A number of surveys show that a substantial proportion of U.S. smokers don't smoke every day. And their ranks appear to be growing. Up to 15 million U.S. smokers say they don't light up on a daily basis. Many of them say they are trying to quit.
But many light smokers — called intermittent smokers, or chippers — have no wish to quit. These are people who smoke no more than a couple of cigarettes a day, says Saul Shiffman, a professor at the University of Pittsburgh's Department of Psychology.
Until recently, not much was known about them. Most research focused on heavy smokers, people who had between 10 and 20 cigarettes a day. These are people who Shiffman says smoke anywhere they can — "when they are stressed, when they are happy, when they're eating, when they're not eating, when they're working, when they are relaxing."
Chippers are different; they have particular situations and places where they smoke, Shiffman says. Some, but not all, are social smokers.
"For some people, it may be that social setting of drinking at a bar with friends who are also smoking. For someone else, it may be with coffee by themselves in the morning," Shiffman says. That may be what keeps smoking from pervading their whole lives, and limits how much they smoke.
With the current restraints on smoking, he sees intermittent smoking becoming the dominant pattern of smoking. Light and intermittent smokers are most prevalent in states with the strongest tobacco-control policies.
It's also quite possible that the nondaily, occasional smoker is the normal pattern.
In developing countries, occasional smoking appears to be the dominant pattern. For example, a World Health Organization study of Central American countries found that two-thirds of smokers there are nondaily smokers. People in poor countries, Shiffman points out, can't afford to smoke every day.
Light smokers also challenge concepts of addiction, because they can go for extended periods of time without a cigarette and not experience withdrawal symptoms. "If you ask the stereotypical regular smoker not to smoke for two hours or 12 days," Shiffman says, "they get anxious, have trouble concentrating, and will — if you will — be dying for a cigarette." Occasional smokers are not addicted in that way.
Others are not so sure. Dr. Joseph Difranza is a professor of family health at the University of Massachusetts' Medical School in Worcester, Mass. "If people have no craving for cigarettes outside that special situation where they're drinking in a bar, and they can go weeks without a cigarette and it doesn't interrupt their thoughts that they need a cigarette," he says, "then they probably have no addiction."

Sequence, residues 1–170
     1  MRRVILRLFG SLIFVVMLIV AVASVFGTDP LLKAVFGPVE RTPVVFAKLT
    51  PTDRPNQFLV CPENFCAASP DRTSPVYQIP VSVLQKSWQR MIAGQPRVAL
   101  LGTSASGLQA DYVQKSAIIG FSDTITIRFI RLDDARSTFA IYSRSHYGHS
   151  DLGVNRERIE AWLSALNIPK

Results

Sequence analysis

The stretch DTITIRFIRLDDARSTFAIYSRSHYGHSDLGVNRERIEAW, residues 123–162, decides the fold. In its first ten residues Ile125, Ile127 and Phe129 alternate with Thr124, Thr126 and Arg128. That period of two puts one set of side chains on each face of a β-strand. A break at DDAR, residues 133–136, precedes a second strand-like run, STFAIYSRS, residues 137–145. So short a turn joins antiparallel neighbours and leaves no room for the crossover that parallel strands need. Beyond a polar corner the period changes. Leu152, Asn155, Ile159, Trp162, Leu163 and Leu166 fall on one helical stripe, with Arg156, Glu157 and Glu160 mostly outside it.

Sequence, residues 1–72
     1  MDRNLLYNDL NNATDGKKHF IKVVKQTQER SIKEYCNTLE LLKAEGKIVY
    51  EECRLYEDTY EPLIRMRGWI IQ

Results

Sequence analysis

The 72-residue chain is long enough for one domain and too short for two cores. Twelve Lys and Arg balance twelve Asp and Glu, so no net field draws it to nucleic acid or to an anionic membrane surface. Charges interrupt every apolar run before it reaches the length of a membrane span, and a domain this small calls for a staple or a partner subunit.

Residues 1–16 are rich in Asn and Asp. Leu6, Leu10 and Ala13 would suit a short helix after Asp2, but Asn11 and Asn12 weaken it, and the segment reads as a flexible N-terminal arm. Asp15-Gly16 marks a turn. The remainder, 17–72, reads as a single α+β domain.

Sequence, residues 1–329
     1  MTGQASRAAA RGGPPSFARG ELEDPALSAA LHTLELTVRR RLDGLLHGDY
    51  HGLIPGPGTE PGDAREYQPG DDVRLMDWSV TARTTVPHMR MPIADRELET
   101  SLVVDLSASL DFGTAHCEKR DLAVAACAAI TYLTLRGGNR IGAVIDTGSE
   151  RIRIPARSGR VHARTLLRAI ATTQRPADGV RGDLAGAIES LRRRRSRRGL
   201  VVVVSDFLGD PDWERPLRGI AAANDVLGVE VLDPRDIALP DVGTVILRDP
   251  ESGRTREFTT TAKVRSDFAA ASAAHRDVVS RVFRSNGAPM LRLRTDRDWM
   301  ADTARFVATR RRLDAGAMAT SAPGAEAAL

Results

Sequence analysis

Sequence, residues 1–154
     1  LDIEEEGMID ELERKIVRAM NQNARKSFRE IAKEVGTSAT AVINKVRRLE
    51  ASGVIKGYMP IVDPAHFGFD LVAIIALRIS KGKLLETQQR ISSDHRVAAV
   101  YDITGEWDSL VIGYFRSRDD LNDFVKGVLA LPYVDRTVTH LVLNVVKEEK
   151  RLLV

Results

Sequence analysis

Signs Of An Addict
But Difranza works with a lot of patients who want to quit smoking and can't. They come in all stripes, from people who smoke once a week to those who go through three packs a day.
"Most of the nondaily smokers are daily smokers who have cut back and they keep cutting back, and that's as far as they can get. They haven't been able to give it up completely," Difranza says.
The number of cigarettes a person smokes in a day or a week is no indication of how difficult it will be for them to quit smoking. If you want to kick the habit and can't, that's a sure sign for Difranza that you are addicted to nicotine.
MRIs of the brains of smokers show that nicotine activates billions of receptors, releasing chemicals such as serotonin, dopamine and dozens of other chemicals that fire up other nerves, creating a cascading effect.
That is why Difranza thinks that true nonaddicted smokers make up a fraction of people who smoke — about 5 percent. The brain is changed by nicotine, he says, and harbors memories of the smoking experience.
"You also have the heat of the smoke, you have the taste, you have the physical component of taking a deep breath and holding it in and letting it out," Difranza says. "And all these other physical aspects of taking in the nicotine with the cigarette help stimulate the brain also. Because maybe over thousands of repetitions of smoking, the cigarette has been paired or coupled with these physical sensations of the smoke."
It is the overall smoking experience that explains why nicotine in the form of gum, patches or pills is not entirely effective in getting smokers to quit. People lapse many times when they try to quit completely. It can take up to three months for the mind to settle down and the cravings for nicotine to go away.